DNA: The Secret Of Life, Andrew Berry, James D. Watson, Weebcentral Library. 'Fifty years ago, James D. Watson, then just twentyfour, helped launch the greatest ongoing scientific quest of our time. Now, with unique authority and sweeping vision, he gives us the first full account of the genetic revolution—from Mendel’s garden to the double helix to the sequencing of the human genome and beyond.Watson’s lively, panoramic narrative begins with the fanciful speculations of the ancients as to why “like begets like” before skipping ahead to 1866, when an Austrian monk named Gregor Mendel first deduced the basic laws of inheritance. But genetics as we recognize it today—with its capacity, both thrilling and sobering, to manipulate the very essence of living things—came into being only with the rise of molecular investigations culminating in the breakthrough discovery of the structure of DNA, for which Watson shared a Nobel prize in 1962. In the DNA molecule’s graceful curves was the key to a whole new science.Having shown that the secret of life is chemical, modern genetics has set mankind off on a journey unimaginable just a few decades ago. Watson provides the general reader with clear explanations of molecular processes and emerging technologies. He shows us how DNA continues to alter our understanding of human origins, and of our identities as groups and as individuals. And with the insight of one who has remained close to every advance in research since the double helix, he reveals how genetics has unleashed a wealth of possibilities to alter the human condition—from genetically modified foods to genetically modified babies—and transformed itself from a domain of pure research into one of big business as well. It is a sometimes topsy-turvy world full of great minds and great egos, driven by ambitions to improve the human condition as well as to improve investment portfolios, a world vividly captured in these pages.Facing a future of choices and social and ethical implications of whic' Kindle. Read 2017-03-11.

Religion and the sciences of origins, Kelly James Clark, Weebcentral Library. 'This concise introduction to the treatment of origins, physical and biological, by both science and religion focuses on Christianity and modern Western science (the epicenter of issues in science and religion in the West) with a concluding chapter on Muslim and Jewish Science and Religion. This book also invites the reader into the relevant literature with ample quotations from original texts.' Kindle. Partially-Read 2017-03-10. Gift from Jon and Amanda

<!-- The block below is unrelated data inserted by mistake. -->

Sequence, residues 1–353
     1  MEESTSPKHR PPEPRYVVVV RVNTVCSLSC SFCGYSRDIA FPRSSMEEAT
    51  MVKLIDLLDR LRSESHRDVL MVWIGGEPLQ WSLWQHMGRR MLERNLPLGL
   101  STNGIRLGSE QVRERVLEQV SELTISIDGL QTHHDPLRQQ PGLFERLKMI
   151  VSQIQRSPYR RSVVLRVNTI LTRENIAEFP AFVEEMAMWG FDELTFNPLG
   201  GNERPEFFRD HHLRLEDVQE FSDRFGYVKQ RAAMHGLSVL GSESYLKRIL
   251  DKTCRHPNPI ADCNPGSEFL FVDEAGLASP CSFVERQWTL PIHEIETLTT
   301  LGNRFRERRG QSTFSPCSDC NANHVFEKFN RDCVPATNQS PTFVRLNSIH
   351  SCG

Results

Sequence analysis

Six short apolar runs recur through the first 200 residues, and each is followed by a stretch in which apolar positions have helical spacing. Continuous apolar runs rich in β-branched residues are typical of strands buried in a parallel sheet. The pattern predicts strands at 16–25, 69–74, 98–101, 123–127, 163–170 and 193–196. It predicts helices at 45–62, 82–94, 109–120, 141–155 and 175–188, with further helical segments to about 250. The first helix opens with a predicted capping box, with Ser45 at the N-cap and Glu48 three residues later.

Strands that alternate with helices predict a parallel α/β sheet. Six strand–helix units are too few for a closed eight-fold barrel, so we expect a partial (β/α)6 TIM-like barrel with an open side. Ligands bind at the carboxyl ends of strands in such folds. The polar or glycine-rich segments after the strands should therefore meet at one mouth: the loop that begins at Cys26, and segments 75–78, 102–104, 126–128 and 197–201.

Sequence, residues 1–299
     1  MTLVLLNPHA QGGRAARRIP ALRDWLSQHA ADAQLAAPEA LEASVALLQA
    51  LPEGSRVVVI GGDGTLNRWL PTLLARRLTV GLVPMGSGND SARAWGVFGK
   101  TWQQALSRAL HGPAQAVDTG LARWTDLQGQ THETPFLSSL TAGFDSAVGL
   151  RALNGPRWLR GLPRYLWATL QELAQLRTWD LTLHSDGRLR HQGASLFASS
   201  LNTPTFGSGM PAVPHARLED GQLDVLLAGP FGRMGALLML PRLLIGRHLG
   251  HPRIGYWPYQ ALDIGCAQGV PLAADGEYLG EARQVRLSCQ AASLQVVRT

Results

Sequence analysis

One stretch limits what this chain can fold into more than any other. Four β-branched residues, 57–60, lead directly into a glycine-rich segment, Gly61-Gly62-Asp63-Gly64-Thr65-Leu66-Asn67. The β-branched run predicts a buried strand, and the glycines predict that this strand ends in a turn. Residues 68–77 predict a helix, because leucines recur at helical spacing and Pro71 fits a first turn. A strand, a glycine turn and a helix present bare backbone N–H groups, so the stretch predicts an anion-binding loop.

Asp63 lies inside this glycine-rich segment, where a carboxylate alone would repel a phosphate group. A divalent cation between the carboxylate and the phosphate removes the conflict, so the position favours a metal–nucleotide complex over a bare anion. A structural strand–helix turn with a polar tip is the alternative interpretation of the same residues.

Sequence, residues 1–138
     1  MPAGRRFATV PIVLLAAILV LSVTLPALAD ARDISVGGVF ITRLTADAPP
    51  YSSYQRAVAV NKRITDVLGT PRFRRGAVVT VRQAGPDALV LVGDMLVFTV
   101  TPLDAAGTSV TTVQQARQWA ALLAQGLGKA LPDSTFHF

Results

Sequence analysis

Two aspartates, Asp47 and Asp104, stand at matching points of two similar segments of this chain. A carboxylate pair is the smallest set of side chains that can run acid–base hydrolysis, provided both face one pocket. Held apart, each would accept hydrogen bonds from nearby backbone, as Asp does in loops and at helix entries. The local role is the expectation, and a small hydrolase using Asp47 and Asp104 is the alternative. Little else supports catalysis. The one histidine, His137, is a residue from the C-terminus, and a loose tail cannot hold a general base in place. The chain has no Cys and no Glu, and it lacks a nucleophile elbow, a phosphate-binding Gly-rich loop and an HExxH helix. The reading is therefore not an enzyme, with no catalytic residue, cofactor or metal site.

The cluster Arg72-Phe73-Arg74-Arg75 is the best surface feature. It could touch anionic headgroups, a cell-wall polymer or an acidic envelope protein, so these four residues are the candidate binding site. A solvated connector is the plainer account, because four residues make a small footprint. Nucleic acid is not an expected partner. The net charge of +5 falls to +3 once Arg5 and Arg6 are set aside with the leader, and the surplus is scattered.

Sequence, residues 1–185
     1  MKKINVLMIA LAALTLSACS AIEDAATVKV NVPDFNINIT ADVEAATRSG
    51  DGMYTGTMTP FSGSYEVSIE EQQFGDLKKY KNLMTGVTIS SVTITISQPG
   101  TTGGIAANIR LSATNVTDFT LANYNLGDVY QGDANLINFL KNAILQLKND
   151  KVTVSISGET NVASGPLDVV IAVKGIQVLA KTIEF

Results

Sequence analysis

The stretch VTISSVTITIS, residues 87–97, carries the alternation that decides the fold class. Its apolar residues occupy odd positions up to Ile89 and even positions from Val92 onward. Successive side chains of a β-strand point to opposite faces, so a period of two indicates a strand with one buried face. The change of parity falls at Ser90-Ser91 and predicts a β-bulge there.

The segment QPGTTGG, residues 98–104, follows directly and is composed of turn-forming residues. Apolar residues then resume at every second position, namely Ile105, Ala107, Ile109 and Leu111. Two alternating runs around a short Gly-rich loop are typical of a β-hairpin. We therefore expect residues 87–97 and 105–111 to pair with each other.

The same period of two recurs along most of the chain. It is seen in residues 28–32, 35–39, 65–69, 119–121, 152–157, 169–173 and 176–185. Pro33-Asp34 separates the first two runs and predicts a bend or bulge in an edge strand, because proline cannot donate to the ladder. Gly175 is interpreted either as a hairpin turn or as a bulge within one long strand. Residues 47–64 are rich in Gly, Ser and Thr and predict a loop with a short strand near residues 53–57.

I Know Why The Caged Bird Sings, Maya Angelou, Clackamas County Library. 'The 1969 autobiography about the early years of African-American writer and poet Maya Angelou. The first in a seven-volume series, it is a coming-of-age story that illustrates how strength of character and a love of literature can help overcome racism and trauma. The book begins when three-year-old Maya and her older brother are sent to Stamps, Arkansas, to live with their grandmother and ends when Maya becomes a mother at the age of 16. In the course of Caged Bird, Maya transforms from a victim of racism with an inferiority complex into a self-possessed, dignified young woman capable of responding to prejudice. Angelou was challenged by her friend, author James Baldwin, and her editor, Robert Loomis, to write an autobiography that was also a piece of literature.' Kindle. Read 2017-03-09.

Six Days Of The Condor, James Grady, LA Public Library. This is the book that was the basis for the excellent Cold War spy movie, Three Days of the Condor. More often, the book is more substantial than a subsequent movie based on the book. In this case, the book is more of a slightly expanded screenplay, with thinly sketched characters, a quickly-moving plot, and clumsy sex scenes. The bones of the film are here, although the changes made for the sake of the movie dramatically improved the story, making the film much superior to this book. Kindle. Read 2017-03-06.

The Gods Of Guilt, Michael Connelly, Multnomah County Library. 'Mickey Haller has fallen on tough times. He expands his business into foreclosure defense, only to see one of his clients accused of killing the banker she blames for trying to take away her home. Mickey puts his team into high gear to exonerate Lisa Trammel, even though the evidence and his own suspicions tell him his client is guilty. Soon after he learns that the victim had black market dealings of his own, Haller is assaulted, too - and he's certain he's on the right trail. Despite the danger and uncertainty, Haller mounts the best defense of his career in a trial where the last surprise comes after the verdict is in.' eBook. Read 2017-03-05.